Oil prices fell on Monday, dragged down by a firmer US dollar while surging coronavirus cases in China dashed hopes of a swift reopening of the economy for the world’s biggest crude importer.
Brent crude futures were down 76 cents, or 0.8%, at $95.23 a barrel by 1510 GMT after gaining 1.1% on Friday. WTI crude futures fell 93 cents, or 1.1%, to $88.03 after advancing 2.9% on Friday.
“US dollar strength appears to be weighing on oil and the broader commodities complex this afternoon,” said Warren Patterson, head of commodities strategy at ING.
“There probably is also an element where the market got a bit ahead of itself on Friday following an easing in China’s COVID-related quarantine measures.” Commodities prices rallied on Friday after China’s National Health Commission adjusted its COVID prevention and control measures to shorten quarantine times for close contacts of cases and inbound travellers.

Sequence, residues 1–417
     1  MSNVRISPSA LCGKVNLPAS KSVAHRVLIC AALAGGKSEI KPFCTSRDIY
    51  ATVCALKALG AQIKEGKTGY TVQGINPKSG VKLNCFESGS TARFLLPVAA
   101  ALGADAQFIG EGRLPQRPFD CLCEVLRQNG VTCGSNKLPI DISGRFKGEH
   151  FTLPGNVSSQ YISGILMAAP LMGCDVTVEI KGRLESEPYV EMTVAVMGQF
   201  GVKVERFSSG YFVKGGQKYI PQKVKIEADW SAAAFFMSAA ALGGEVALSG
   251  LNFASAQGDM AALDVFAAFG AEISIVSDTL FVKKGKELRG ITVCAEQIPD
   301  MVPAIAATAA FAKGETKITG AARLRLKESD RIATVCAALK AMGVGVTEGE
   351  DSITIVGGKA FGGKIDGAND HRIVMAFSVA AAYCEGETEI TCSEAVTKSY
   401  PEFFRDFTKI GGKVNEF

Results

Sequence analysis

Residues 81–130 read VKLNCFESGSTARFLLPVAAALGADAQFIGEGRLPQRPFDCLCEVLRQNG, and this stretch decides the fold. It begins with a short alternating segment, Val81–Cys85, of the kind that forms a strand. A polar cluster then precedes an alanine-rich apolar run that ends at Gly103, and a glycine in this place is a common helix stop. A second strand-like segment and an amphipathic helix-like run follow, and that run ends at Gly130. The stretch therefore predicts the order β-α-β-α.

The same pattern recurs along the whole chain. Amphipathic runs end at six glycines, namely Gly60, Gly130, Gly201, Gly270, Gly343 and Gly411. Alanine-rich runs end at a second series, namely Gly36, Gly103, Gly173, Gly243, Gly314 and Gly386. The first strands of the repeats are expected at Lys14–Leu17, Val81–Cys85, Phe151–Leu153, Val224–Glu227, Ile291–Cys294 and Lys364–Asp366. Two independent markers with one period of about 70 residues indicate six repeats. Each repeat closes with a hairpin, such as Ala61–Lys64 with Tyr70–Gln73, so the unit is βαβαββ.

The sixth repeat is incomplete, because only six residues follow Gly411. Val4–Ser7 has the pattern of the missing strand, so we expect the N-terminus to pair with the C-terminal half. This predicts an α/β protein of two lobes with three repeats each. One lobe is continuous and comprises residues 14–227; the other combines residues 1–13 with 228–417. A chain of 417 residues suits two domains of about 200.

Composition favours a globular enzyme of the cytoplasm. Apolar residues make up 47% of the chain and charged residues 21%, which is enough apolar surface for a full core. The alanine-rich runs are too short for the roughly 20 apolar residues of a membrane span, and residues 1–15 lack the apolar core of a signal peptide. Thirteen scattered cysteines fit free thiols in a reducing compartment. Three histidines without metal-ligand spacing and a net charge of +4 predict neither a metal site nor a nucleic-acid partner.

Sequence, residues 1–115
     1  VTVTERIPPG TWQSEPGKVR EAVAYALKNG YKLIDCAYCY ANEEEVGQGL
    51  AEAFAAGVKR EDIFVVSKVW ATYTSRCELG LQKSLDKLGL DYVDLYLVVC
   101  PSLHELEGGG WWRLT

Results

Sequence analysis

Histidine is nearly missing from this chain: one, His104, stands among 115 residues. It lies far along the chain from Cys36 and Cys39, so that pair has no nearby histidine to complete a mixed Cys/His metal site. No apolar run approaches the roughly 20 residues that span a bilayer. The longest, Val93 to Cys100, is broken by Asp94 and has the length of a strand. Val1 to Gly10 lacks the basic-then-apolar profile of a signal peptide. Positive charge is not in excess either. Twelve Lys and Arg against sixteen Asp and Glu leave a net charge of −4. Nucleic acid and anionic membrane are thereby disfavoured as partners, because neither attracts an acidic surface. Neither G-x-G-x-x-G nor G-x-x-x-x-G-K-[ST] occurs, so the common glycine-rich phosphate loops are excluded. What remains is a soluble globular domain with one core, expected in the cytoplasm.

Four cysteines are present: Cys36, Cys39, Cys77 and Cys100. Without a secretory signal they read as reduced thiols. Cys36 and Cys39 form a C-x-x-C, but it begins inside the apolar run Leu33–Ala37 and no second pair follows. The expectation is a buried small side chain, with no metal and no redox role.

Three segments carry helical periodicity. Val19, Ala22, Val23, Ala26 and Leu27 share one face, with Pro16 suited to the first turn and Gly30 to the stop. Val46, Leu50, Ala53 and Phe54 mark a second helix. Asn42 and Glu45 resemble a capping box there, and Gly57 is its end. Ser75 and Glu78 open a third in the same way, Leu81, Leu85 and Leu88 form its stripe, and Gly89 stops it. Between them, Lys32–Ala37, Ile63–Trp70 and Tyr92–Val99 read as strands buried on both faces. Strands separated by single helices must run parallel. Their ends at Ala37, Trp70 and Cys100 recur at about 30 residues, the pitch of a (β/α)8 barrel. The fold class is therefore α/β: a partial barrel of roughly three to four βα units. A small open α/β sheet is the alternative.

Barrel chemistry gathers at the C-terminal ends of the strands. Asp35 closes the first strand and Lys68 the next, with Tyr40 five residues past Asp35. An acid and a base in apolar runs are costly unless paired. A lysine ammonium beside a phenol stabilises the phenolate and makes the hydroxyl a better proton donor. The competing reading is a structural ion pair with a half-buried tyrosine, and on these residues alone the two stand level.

But COVID-19 cases climbed in China over the weekend, with Beijing and other big cities on Monday reporting record infections.
The Organization of the Petroleum Exporting Countries (OPEC), meanwhile, cut its forecast for global oil demand growth this year and next, citing economic headwinds.
Separately, US Treasury Secretary Janet Yellen on Friday said that India can continue buying as much Russian oil as it wants, including at prices above a G7-imposed price cap mechanism, if it steers clear of Western insurance, finance and maritime services bound by the cap.